Norwegian officer following the situation in Tajikistan for the OSCE

Neving Rudskjær has had the unique opportunity to report first hand from the situation in Tajikistan through the mandate of the Organization for Security and Co-operation in Europe (OSCE).

Rudskjær presenting his work with the OSCE for NORDEM. Photo: NORDEM. 

Rudskjær is following the political, economic and security developments in Tajikistan in his role as a political officer for the OSCE in the capital Dushanbe.

He is seconded through NORDEM and visited our office to give relevant actors and NORDEM his latest views on his work and the situation in Tajikistan.

Reporting from a challenging political situation

The OSCE office in Dushanbe focuses on a number of issues, working closely with the government in tackling security issues and supporting conflict prevention and crisis management. Rule of law, counter-terrorism measures and border related issues are areas Rudskjær has been following closely.

He states that there is overall a good dialogue with the Tajik government on these issues, despite it sometimes being challenging to implement the mandate of the OSCE.

The Norwegian officer works closely with the Head and Deputy Head of mission and is excited to learn that a Nordic representative, Finnish Ambassador Tuula Yrjölä, soon will be leading the mission. The OSCE staff in Dushanbe are very experienced, says Rudskjær, an important asset when working in a challenging climate. Rudskjær’s focus is to follow the political situation by reading up on social media and relevant reports. He also meets with representatives of local media, political parties and foreign missions. This enables him to provide relevant reports and advice on the current situation in Tajikistan to decision-making bodies in the OSCE.

Monitoring human rights in Central Asia

Central Asia is an exciting and increasingly important region and there are few other Norwegians working in similar positions in the area. Rudskjær, who now has three years of experience, is considered a key resource for NORDEM and for the OSCE.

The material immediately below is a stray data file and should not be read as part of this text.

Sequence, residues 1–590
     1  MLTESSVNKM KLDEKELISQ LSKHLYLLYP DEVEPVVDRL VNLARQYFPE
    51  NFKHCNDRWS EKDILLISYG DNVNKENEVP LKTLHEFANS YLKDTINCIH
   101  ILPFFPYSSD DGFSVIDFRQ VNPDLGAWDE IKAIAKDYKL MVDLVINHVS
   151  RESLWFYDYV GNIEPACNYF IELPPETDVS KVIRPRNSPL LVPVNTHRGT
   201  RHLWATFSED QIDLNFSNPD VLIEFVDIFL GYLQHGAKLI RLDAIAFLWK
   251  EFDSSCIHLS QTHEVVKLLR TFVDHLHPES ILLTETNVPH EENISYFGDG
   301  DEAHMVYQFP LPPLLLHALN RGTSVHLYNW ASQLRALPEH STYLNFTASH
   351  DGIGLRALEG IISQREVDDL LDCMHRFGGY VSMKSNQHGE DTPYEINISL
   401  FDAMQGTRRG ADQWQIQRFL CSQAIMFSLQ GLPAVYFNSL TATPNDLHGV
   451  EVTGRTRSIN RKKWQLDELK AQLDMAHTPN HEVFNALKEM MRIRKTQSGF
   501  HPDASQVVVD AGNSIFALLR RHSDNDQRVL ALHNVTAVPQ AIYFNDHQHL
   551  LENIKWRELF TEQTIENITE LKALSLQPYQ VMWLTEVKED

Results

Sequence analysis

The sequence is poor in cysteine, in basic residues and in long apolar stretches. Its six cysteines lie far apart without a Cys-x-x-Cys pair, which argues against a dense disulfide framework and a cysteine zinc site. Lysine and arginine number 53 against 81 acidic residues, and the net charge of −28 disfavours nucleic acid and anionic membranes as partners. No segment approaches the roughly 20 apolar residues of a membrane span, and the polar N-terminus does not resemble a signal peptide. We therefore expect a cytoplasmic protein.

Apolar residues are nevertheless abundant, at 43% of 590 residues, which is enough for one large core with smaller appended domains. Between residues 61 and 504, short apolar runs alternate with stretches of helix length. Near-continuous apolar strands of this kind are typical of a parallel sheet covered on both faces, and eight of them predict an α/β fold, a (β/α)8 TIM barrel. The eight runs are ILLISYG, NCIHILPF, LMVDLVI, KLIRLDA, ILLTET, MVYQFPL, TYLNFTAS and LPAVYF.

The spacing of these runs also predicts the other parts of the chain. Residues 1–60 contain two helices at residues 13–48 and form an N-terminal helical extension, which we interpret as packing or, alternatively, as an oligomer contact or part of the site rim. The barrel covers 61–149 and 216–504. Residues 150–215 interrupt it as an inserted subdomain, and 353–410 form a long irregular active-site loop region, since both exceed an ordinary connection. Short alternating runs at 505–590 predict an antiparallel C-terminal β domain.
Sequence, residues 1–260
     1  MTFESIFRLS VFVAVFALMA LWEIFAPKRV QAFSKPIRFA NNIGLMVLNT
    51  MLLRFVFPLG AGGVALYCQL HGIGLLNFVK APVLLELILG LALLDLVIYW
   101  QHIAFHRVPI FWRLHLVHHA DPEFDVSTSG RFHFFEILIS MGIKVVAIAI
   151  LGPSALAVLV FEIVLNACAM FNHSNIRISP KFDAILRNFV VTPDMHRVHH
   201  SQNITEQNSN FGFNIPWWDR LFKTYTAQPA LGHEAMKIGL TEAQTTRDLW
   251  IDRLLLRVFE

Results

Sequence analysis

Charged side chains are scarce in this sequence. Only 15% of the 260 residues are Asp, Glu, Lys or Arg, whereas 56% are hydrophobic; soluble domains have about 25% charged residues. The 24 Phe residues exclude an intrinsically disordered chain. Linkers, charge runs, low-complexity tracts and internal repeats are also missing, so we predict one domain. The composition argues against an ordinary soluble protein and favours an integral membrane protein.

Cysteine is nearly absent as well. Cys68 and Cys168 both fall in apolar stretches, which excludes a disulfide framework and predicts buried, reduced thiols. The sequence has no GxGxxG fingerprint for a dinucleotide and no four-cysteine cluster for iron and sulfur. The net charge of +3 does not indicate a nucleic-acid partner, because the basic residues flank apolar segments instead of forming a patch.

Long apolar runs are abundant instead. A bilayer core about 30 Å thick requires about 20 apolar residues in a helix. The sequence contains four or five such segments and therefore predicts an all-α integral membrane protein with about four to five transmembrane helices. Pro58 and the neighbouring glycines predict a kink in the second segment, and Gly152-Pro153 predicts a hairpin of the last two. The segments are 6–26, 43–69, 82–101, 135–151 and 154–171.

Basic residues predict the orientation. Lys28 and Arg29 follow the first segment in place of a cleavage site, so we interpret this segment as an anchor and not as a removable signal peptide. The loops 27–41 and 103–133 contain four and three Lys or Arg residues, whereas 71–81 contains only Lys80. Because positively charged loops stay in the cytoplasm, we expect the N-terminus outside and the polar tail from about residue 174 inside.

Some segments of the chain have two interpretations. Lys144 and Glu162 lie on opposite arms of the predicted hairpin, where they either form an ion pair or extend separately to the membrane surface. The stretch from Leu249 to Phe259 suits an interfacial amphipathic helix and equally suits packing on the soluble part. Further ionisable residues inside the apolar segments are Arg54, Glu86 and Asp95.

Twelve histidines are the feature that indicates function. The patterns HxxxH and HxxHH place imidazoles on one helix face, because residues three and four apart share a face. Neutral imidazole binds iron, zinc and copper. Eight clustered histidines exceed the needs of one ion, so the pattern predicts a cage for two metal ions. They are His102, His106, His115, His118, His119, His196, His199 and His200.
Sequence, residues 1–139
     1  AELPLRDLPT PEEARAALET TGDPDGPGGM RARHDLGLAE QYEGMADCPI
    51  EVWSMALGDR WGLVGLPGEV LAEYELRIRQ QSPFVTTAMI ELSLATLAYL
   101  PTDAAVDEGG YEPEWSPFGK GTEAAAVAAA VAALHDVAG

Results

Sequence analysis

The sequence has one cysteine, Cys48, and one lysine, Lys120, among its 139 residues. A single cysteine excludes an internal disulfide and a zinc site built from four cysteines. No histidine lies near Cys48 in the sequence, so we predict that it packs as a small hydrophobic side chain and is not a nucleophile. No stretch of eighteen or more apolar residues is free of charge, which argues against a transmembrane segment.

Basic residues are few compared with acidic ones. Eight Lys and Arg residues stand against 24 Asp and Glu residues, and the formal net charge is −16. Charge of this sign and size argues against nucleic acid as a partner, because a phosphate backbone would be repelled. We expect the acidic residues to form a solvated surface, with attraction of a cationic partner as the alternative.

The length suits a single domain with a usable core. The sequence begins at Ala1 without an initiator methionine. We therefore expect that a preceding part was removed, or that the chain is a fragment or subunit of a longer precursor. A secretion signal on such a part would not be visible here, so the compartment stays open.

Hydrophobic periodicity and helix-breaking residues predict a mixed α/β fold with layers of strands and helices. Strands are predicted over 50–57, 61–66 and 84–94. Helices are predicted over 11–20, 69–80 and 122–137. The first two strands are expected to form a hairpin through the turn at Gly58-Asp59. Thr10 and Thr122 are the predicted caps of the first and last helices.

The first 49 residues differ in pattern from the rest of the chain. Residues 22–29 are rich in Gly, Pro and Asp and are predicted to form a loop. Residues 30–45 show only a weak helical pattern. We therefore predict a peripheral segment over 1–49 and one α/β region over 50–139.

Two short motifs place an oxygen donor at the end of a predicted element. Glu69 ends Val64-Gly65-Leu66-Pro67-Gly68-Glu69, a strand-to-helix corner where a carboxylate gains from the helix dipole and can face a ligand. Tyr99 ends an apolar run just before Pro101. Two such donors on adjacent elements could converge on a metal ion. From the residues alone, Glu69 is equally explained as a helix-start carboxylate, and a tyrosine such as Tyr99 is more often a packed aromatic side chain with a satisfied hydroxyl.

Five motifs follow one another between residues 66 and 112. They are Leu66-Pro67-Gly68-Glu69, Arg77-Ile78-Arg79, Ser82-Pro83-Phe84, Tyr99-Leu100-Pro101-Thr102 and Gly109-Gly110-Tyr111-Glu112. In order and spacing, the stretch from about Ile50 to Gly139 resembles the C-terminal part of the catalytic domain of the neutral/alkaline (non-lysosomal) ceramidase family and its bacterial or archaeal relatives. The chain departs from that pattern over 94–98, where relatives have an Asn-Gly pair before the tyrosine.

These are challenging times for the Central Asian countries which experience economic setbacks and diminishing foreign direct investments, despite some interest from the surrounding states such as China, Russia and Iran. Civil society has also experienced an increasingly difficult environment for them to conduct their work over the past two years. Neving explained to NORDEM how the OSCE assists NGOs both by working through them as partners, but also by building their competence understanding new laws and regulations set out by the government. Monitoring the situation for human rights, such as freedom of press and freedom of organization, is high on the agenda for the OSCE in Dushanbe.

Inspiring to work with local population

However, despite challenges in the region, it is important to highlight the resilience and initiatives from the local population, says Rudskjær. A recent successful establishment of a hydroelectric power plant, which NORDEM employees got to see first-hand, is just one example of a project where the local population played an important part. “Working on projects through the OSCE that directly affects people’s lives for the better, gives great satisfaction amidst a challenging political climate” says Neving Rudskjær to NORDEM.

Neving Rudskjær is at the moment the only secondment through NORDEM in the Central Asian region.

Published Sep. 13, 2016 11:16 AM - Last modified Sep. 14, 2016 3:09 PM